Ives around 1889.He continued his work as a church organist until May 1902. In 1899 he moved to employment with the agency Charles H. Raymond & Co., where he stayed until 1906. In 1907, upon the failure of Raymond & Co., he and his friend Julian W. Myrick formed their own insurance agency Ives & Co., which later became Ives & Myrick, where he remained until he retired.[5] In his spare time he composed music and, until his marriage, worked as an organist in Danbury and New Haven as well as Bloomfield, New Jersey and New York City.[4] In 1907, Ives suffered the first of several "heart attacks" (as he and his family called them) that he had through out his lifetime. These attacks may have been psychological in origin rather than physical. Following his recovery from the 1907 attack, Ives entered into one of the most creative periods of his life as a composer. After marrying Harmony Twitchell in 1908,[5] they moved into their own apartment in New York. He had a remarkably successful career in insurance, and continued to be a prolific composer until he suffered another of several heart attacks in 1918, after which he composed very little, writing his very last piece, the song Sunrise, in August 1926.[5] In 1922, Ives published his 114 Songs which represents the breadth of his work as a composer — it includes art songs, songs he wrote as a teenager and young man, and highly dissonant songs such as "The Majority."[5] According to his wife, one day in early 1927 he came downstairs with tears in his eyes: he could compose no more, he said, "nothing sounds right." There have been numerous theories advanced to explain the silence of his late years, which seems as mysterious as the last several decades of the life of Jean Sibelius, who also stopped composing at almost the same time. While Ives had stopped composing, and was increasingly plagued by health problems, he did continue to revise and refine his earlier work, as well as oversee premieres of his music.[5] After continuing health problems, including diabetes, in 1930 he retired from his insurance business, which gave him more time to devote to his musical work, but he was unable to write any new music. During the 1940s he revised his Concord Sonata, publishing it in 1947 (an earlier version of the sonata and the accompanying prose volume, Essays Before a Sonata were privately printed in 1920).[6] Ives died in 1954 in New York City.

Ives' music was largely ignored during his life, though now, for example, Juilliard School celebrated the 50th anniversary of Ives' death by performing his music over six days. Many of his works went unperformed for many years. His tendency to experiment and his increasing use of dissonance were not well taken by the musical establishment of the time. The difficulties in performing the rhythmic complexities in his major orchestral works made them daunting challenges even decades after they were composed. One of the more damning words one could use to describe music in Ives' view was "nice", and his famous remark "use your ears like men!" seemed to indicate that he did not care about his reception. On the contrary, Ives was interested in popular reception, but on his own terms.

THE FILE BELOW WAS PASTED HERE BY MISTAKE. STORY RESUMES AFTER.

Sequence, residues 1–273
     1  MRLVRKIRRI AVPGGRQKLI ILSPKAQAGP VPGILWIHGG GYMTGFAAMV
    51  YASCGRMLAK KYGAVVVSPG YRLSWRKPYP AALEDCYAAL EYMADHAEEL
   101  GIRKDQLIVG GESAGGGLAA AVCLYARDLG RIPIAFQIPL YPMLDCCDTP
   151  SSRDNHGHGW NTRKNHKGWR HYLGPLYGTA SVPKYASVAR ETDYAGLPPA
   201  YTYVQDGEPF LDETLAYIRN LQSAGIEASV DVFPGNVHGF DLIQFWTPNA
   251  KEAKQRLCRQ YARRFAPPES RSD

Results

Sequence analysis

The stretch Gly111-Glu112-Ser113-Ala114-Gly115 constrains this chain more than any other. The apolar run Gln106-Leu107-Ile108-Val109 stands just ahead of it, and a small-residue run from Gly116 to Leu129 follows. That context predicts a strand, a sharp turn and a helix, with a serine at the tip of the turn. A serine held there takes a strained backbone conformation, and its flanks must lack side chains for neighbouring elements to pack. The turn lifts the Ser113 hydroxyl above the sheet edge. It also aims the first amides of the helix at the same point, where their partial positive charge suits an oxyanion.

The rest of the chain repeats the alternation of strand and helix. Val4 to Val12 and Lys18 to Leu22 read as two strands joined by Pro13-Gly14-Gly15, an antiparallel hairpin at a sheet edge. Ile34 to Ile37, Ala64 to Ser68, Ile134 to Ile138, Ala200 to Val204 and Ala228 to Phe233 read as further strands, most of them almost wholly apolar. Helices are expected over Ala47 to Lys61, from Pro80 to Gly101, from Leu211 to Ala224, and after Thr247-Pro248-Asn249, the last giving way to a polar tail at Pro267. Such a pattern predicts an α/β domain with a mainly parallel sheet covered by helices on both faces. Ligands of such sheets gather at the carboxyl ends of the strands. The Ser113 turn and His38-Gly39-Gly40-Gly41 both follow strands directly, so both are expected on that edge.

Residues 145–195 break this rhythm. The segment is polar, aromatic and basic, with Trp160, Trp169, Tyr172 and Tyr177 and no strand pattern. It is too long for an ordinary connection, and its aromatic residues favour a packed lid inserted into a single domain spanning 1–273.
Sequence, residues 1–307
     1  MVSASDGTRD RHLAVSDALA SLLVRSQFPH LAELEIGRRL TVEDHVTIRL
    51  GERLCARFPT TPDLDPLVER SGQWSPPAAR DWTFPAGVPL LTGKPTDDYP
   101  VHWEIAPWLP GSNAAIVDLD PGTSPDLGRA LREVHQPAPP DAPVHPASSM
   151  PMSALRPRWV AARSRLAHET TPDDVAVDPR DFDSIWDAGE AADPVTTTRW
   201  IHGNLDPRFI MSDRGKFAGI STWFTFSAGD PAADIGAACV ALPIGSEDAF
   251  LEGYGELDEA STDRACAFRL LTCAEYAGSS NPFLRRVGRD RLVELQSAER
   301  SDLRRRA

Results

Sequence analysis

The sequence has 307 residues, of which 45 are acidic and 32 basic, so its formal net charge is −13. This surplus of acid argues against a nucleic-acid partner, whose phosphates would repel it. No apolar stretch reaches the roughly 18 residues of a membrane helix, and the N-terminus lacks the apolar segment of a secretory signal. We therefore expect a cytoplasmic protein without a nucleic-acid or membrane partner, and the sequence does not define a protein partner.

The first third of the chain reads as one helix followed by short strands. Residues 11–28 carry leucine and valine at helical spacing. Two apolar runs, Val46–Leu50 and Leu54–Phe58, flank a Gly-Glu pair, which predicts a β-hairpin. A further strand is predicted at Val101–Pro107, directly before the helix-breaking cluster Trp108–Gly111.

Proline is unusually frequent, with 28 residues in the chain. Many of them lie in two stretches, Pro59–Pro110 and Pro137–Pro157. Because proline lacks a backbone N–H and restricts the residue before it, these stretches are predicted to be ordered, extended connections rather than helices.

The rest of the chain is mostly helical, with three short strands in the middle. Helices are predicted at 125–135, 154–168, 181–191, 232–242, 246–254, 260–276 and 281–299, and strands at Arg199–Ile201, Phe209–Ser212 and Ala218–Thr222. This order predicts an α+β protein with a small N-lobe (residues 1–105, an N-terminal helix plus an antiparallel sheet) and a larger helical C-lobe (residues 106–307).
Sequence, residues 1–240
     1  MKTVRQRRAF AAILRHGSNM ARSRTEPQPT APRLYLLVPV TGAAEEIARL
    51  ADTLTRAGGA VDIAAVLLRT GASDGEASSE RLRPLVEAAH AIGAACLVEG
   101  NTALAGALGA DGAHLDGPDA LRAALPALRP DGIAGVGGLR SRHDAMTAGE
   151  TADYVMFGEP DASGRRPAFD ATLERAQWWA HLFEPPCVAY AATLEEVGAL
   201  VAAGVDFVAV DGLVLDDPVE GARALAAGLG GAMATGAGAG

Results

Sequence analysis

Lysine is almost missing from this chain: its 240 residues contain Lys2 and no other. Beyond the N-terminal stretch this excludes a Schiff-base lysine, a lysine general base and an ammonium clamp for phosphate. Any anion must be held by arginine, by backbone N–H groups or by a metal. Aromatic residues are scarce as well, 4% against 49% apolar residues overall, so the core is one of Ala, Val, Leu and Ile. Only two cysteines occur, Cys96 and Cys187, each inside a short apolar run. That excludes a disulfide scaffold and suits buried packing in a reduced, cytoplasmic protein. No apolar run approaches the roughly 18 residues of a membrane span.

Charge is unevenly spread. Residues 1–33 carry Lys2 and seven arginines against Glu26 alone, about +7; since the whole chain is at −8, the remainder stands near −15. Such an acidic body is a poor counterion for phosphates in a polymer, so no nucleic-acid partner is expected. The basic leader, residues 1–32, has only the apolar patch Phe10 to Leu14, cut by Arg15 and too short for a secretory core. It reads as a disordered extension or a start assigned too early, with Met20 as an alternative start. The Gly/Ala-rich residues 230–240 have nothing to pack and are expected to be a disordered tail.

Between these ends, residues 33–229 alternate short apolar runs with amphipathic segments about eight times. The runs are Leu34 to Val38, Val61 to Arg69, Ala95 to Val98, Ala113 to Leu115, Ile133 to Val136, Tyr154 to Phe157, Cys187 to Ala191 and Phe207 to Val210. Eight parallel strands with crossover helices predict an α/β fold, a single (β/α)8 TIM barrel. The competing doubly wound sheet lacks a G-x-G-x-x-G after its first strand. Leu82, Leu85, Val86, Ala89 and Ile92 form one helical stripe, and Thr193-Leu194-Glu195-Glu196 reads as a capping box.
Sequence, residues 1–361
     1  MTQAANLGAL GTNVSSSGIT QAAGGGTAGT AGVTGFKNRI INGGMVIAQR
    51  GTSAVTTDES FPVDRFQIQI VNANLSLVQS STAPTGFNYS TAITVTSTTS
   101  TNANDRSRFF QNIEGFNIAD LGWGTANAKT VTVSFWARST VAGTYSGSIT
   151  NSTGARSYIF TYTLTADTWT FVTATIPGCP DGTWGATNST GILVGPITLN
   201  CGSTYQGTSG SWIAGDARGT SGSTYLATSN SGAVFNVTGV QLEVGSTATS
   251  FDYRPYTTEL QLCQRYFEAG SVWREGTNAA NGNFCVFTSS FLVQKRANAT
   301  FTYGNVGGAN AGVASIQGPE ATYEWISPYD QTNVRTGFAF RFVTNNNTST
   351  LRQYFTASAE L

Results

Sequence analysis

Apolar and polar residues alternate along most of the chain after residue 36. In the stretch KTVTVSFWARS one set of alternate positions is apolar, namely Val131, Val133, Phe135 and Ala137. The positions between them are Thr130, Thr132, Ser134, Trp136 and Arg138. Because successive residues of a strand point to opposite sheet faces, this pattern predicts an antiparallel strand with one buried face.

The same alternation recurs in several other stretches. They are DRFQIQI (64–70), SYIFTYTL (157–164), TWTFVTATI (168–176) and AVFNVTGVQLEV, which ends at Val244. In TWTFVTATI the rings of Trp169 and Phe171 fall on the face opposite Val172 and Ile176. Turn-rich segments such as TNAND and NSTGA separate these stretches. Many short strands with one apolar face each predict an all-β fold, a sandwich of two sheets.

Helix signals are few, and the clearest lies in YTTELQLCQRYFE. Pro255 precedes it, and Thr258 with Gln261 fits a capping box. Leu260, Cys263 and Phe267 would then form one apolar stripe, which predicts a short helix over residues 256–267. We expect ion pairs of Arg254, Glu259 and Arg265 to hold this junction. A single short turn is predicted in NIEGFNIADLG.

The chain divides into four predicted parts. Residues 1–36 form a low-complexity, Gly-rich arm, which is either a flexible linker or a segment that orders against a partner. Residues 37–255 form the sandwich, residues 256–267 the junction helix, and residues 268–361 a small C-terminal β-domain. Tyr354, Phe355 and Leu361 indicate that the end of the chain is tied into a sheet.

Early supporters of his music included Henry Cowell and Elliott Carter. Cowell's periodical New Music published a substantial number of Ives' scores (with the composer's approval), but for almost 40 years Ives had few performances that he did not arrange or back, generally with Nicolas Slonimsky as the conductor.[6]

His obscurity began to lift a little in the 1940s, when he met Lou Harrison, a fan of his music who began to edit and promote it. Most notably Harrison conducted the premiere of the Symphony No. 3 (1904) in 1946.[10] The next year, this piece won Ives the Pulitzer Prize for Music. However, Ives gave the prize money away (half of it to Harrison), saying "prizes are for boys, and I'm all grown up".

At this time, Ives was also promoted by Bernard Herrmann, who worked as a conductor at CBS and in 1940 became principal conductor of the CBS Symphony Orchestra. While there he was a champion of Charles Ives' music. When meeting Ives, Hermann confessed that he had tried his hand at performing Ives' Concord Sonata.

Recognition of Ives' music has improved. He would find praise from Arnold Schoenberg, who regarded him as a monument to artistic integrity, and from the New York School of William Schuman.